As with any growing social movement, there has been a lot of bickering lately over what’s good for “atheism,” who’s the best atheist activist, what atheists should do, and so on. It’s the usual tiresome war between alleged concern trolls vs. the alleged “we can do no wrong” zealots, with neither side listening to the other.
So, to make my own position crystal clear, let me just state that, as an atheist, I couldn’t care less about what’s good for “atheism.”
What I care about is rationalism. Skepticism. Science. And while these values do, in fact, feed into why I don’t share the beliefs of theists, they aren’t necessary for me to be an atheist (I could imagine not believing even without them). Nor do I think that sharing similar values would make it necessary for someone else to become an atheist. But I care about these values, and there’s a big ole’ period at the end of that sentence.
Atheism is utterly, wholly, entirely incidental. If theists share those values, then I have allies. If atheists reject them, then we’re foes. Theists may well find themselves in the sights of my rhetorical rifle far more often than most atheists, but that’s also incidental. As far as I can tell, it’s simply because theists are the ones making the lion’s share of bad claims in our culture, claims that still go largely unchallenged.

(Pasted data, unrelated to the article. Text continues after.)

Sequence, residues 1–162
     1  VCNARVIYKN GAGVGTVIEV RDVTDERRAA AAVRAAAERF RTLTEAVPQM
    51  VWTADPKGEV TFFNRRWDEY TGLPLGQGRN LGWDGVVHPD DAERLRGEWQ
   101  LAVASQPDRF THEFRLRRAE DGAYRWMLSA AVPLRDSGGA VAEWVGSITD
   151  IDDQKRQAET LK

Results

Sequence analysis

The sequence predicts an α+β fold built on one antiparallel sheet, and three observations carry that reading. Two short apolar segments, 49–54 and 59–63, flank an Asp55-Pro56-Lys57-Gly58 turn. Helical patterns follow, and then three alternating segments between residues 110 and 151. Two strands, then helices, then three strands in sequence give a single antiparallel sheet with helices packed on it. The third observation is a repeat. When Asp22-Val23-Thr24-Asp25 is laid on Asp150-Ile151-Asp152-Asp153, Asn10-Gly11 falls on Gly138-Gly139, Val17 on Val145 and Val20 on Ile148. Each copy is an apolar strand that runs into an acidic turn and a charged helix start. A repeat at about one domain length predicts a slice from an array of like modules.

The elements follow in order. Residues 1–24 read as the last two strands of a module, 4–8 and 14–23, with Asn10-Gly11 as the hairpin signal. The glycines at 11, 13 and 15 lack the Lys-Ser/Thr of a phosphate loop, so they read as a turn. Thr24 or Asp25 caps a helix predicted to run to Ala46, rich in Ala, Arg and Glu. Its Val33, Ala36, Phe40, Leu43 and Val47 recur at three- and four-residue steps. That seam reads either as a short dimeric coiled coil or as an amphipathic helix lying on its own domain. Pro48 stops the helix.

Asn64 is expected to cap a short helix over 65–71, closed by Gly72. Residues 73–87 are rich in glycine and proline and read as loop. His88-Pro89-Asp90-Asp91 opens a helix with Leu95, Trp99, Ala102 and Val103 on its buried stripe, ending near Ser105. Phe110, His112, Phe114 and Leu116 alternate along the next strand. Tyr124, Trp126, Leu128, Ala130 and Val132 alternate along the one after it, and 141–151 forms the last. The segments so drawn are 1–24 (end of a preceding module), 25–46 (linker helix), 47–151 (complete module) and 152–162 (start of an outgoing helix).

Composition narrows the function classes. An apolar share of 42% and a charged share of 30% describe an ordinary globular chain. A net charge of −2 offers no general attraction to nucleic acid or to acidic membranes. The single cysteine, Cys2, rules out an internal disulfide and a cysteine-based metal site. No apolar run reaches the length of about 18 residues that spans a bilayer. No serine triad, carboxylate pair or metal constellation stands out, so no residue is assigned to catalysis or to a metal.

If simply forced to answer on “what’s best for atheism,” I’d have to say that what’s probably best for atheism is for people to cease all attempts to organize it, celebrate it, and most of all seeking to control or lead it. The best and only thing we can do for atheism is define it: clearly, unambiguously, concisely. Atheism is a category: a category of exclusion. It is not the loyal opposition against the forces theism, it is the lack of theism. End of story.
The more that definition is troubled with all manner of philosophical fluffery and organized agendas, the harder and harder it becomes to explain to believers what atheism really is. The harder and harder it becomes to explain to theists what atheists really are.
As before, this latter matter frustrates me not because I particularly value atheism per se (because it’s a term I could take or leave) but because I value good communication. Helping people better understand what atheism is and isn’t is paramount. Arguing for rationalism, empiricism: those things matter to me. Whether someone then becomes an atheist because of those values: incidental. I really mean that.
But in case I haven’t communicated this well myself, I’m not trying to disown “atheism” here: nor even provocatively propose, as Sam Harris has, that the term simply be dumped. I just want to be clear on where my loyalties lie: where, frankly, I think it makes sense for everyone’s loyalties to lie. With what I am, not with what I’m not.